“Shop Local” Builds Stronger Communities

Chevrolet GMC logo with State of Michigan

Michigan has had a hard time of it during the economic slump, but things have been turning around. Families are taking advantage of lower house prices to settle down in Macomb County and surrounding areas. As they do, new businesses slowly edge in to serve them. Kid Rock funded a music exhibit at the Detroit Historical Museum, and enthusiastic praise from celebrities like Ben Affleck and Eminem is generating Michigan buzz. “Rehab Addict”, an HGTV show featuring Michigan native Nicole Curtis focuses on restoring rundown houses in the Detroit Metro, which in turn drives interest in moving to the area.

The revitalization can’t hold steady without jobs for those new families, though. Homeowners and their property taxes are what pay for road maintenance, police salaries, firefighters, sidewalks, community parks, and other important public works. Without that income, cities are limited in how much they can improve. In the past residents have been forced to sell their homes at a loss and move just to find employment.

Fortunately for Michigan residents, there are a whole bunch of new jobs on the horizon. GM has recently announced plans for a second shift at their Detroit-Hamtramck Assembly Plant. The shift will add more than 1200 jobs, nearly doubling the number of workers employed by the plant. About 40 of the jobs will be salaried positions- mostly supervisors- with the rest being hourly workers. The Hamtramck plant manufactures the Chevy Volt, Impala, and Malibu as well as the Cadillac ELR. With the new shift, the plant will be able to add the Cadillac CT6 to its production fleet as well as an as-yet unannounced GM vehicle.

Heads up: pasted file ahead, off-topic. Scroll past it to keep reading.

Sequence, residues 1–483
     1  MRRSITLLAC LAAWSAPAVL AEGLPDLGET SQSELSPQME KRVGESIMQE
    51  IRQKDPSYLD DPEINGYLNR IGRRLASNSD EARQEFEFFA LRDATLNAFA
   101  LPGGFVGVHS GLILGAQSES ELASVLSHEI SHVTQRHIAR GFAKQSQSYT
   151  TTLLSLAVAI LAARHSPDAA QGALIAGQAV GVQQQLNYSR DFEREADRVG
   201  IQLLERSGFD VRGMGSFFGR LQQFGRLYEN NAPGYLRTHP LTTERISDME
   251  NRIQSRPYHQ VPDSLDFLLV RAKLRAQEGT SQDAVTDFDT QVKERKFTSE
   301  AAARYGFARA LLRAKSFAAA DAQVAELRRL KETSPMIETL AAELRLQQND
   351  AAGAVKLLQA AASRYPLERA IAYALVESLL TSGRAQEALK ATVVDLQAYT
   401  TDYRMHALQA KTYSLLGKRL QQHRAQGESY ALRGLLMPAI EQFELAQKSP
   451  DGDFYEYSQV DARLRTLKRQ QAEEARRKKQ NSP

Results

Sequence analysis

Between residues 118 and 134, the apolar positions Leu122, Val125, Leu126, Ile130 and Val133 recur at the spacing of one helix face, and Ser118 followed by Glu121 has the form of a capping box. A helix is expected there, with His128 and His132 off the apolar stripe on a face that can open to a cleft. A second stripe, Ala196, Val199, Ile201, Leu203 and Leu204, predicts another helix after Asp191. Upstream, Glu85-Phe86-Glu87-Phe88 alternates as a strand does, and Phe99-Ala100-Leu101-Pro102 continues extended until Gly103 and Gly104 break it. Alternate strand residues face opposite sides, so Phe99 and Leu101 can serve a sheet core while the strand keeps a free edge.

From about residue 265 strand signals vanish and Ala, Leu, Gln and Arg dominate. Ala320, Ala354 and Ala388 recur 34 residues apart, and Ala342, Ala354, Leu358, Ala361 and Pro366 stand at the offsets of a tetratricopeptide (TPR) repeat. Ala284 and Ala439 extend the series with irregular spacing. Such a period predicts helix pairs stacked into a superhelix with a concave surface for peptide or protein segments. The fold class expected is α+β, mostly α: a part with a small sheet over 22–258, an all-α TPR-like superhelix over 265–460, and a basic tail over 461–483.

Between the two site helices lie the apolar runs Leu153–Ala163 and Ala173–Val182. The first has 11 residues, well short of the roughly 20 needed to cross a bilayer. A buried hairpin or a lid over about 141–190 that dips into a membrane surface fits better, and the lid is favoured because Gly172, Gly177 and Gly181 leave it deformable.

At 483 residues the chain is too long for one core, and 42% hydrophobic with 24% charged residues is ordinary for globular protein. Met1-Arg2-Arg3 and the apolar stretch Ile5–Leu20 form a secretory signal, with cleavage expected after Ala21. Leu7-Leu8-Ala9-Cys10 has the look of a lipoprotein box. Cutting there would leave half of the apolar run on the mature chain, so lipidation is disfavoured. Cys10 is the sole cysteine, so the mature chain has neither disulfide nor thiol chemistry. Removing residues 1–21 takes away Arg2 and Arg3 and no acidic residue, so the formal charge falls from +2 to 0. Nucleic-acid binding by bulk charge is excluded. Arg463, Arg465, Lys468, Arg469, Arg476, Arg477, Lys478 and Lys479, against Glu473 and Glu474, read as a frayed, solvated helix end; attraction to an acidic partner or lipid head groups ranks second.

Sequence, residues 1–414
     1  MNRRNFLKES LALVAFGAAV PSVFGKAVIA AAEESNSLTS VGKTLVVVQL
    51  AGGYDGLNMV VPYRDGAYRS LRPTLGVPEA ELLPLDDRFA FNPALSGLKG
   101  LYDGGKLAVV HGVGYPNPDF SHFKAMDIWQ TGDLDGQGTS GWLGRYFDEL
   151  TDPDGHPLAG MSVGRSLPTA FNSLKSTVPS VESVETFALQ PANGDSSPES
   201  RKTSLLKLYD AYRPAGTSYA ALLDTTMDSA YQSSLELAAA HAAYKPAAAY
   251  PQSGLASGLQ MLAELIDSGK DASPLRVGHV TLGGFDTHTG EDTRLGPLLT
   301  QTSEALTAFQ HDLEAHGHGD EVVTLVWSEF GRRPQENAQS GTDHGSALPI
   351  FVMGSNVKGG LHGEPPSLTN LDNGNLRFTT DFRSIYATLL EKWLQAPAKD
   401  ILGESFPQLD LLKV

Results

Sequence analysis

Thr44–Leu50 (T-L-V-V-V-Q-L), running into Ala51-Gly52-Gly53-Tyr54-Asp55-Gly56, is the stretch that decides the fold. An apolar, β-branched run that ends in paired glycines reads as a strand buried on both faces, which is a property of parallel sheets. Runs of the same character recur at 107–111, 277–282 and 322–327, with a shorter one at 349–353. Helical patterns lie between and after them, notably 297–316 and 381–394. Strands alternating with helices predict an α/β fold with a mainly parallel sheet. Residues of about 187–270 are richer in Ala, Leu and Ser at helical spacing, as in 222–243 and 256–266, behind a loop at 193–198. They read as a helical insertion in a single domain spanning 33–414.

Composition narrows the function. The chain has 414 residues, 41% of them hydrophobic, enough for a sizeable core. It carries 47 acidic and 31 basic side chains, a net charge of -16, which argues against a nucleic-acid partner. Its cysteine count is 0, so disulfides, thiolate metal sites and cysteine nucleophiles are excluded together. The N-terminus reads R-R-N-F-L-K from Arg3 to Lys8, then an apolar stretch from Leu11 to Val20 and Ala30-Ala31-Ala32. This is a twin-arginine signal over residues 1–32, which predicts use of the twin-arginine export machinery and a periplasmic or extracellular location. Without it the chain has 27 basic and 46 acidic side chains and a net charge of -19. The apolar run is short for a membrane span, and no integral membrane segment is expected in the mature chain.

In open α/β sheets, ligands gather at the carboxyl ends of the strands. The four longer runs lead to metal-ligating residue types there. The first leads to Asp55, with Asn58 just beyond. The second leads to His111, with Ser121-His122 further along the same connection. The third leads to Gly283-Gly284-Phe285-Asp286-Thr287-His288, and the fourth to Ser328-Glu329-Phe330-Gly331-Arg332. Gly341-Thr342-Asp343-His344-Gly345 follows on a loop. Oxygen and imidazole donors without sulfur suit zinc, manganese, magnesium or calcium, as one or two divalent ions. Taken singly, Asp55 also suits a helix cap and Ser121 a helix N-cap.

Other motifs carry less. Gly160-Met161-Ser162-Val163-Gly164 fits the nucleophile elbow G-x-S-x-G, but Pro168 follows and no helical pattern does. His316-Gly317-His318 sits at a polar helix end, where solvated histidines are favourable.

Hiring and interviews are already being conducted for the new shift though it isn’t expected to begin until early 2016. Openings will be posted on the Metro Detroit section of the GM careers website.

The surge of economic activity fueling the demand behind this new shift can be traced in part to the “shop local” movement. The campaign, which has been making news across America, is trying to keep money within communities instead of funneling it to large corporations. The “buy local” or “shop local” movement has grown to include over 150 business alliances from Austin to West Michigan to Portland. These groups banded together to encourage consumers to patronize local independently owned businesses. Typically the businesses pay dues to a central fund which then pays for advertising and community involvement.

An economic impact study sponsored by Local First Utah showed that 55.3% of revenue from locally-owned and operated businesses goes back into the local economy. That’s 11.7% more than revenue from nationally owned chains. If at least half of a community shopped local half of the time, neighborhoods would have plenty of revenue to keep the streets clean and orderly.

It might surprise some to see GM and Chevy so invested in the shop local movement. Because of strict federal regulations over direct vehicle sales, car dealerships are almost all independent franchises. That means places like Heidebreicht Chevrolet have a vested interest in growing local business because they are one.

Heidebreicht is proud to support the “shop local” movement. We’ve been locally owned and operated since 1971. Over the years, many of our customers have turned into friends or even employees. We stay involved in the community, whether we’re sponsoring youth sports teams, hosting our Annual Women’s Clinic, or helping fundraise for Samaritan House.

The next time you’re in the market for a car, support your local businesses in Macomb County. Visit our Chevy showroom to see what your neighbors built.

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